Blade of the Immortal 30: Vigilance

Writer / Artist
Blade of the Immortal 30: Vigilance
Blade of the Immortal 30 Vigilance review
  • North American Publisher / ISBN: Dark Horse Manga - 978-1-61655-484-2
  • Volume No.: 29
  • Release date: 2012
  • English language release date: 2014
  • UPC: 9781616554842
  • Contains adult content?: no
  • Does this pass the Bechdel test?: no
  • Positive minority portrayal?: no

Hiroaki Samura consistently increased Blade of the Immortal’s cast over the first twenty or so volumes, introducing one compelling character after another, before beginning the process of winnowing them down. Almost everyone of stature who survived that process was drawn to a small port in Beyond Good and Evil, and all hell broke loose.

Despite that, Samura still finds a place for short chapters providing additional insight into his cast, adding or explaining something. One such brief scene opens Vigilance as it’s considered how differently events would have played out had Habaki not set off on the path he took. That, however, is the only quiet contemplation in chapters where Anotsu, Manji and Makie each have to face foes that stretch even their prodigious capabilities. As has previously been the case when Samura has predominantly featured battles, there are constant surprises, such as Manji having to adapt to Anotsu’s weapon or seeing just what he’s able to recover from.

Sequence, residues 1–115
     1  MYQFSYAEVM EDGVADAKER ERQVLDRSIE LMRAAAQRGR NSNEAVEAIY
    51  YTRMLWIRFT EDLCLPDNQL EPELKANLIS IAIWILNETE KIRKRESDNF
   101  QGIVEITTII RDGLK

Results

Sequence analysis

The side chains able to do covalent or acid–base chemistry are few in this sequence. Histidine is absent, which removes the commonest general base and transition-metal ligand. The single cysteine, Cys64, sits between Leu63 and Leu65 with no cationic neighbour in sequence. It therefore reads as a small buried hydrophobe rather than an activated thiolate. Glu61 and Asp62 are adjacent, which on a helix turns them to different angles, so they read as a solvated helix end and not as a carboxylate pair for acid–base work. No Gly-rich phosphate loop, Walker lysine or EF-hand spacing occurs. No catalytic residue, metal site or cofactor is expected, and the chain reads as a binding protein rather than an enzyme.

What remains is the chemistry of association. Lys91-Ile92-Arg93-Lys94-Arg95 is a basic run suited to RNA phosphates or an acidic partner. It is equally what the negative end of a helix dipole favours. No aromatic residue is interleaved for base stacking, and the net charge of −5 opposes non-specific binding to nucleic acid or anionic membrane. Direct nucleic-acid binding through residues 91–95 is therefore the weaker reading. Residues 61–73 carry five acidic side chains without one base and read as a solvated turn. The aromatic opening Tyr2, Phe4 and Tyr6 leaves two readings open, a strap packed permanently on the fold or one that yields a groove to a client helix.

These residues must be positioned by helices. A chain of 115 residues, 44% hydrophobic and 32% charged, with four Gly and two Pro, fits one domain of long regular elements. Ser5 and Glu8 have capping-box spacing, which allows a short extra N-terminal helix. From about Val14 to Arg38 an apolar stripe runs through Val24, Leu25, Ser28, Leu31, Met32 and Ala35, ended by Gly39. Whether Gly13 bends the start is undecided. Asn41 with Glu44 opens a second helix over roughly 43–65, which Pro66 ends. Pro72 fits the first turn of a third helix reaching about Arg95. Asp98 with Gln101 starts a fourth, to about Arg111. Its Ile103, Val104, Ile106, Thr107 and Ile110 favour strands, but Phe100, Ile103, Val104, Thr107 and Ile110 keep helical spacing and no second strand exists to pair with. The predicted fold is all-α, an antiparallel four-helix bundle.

As for the art, surely never can such gruesome acts have been depicted with such grace and elegance. Weapons lop, limbs fly and heads drop, yet it’s possible to become absorbed in the delicacy of Samura’s art for several seconds before it percolates that you’re looking at someone being chopped in half from head to groin. It’s a technique Samura’s used before, but here it has a greater resonance due to the victim. Balletic athleticism features in Makie’s section, her chapter titles being ‘One Hundred Dances’, and here Samura’s drawing acts like a freeze frame device slowing down instinctive action too fast for the eye to follow.

Different narrative voices feature as we’re supplied with insight into all the major players, their presumptions and their reasons for acting. Two battles are definitively concluded by the end, one continues into Final Curtain, and in the closing pages someone re-emerges, but what part will they play? Was it really likely that after such prolonged excellence Samura would let us down at this late stage?

The final three volumes are also combined as a bulkier paperback in Blade of the Immortal Omnibus X.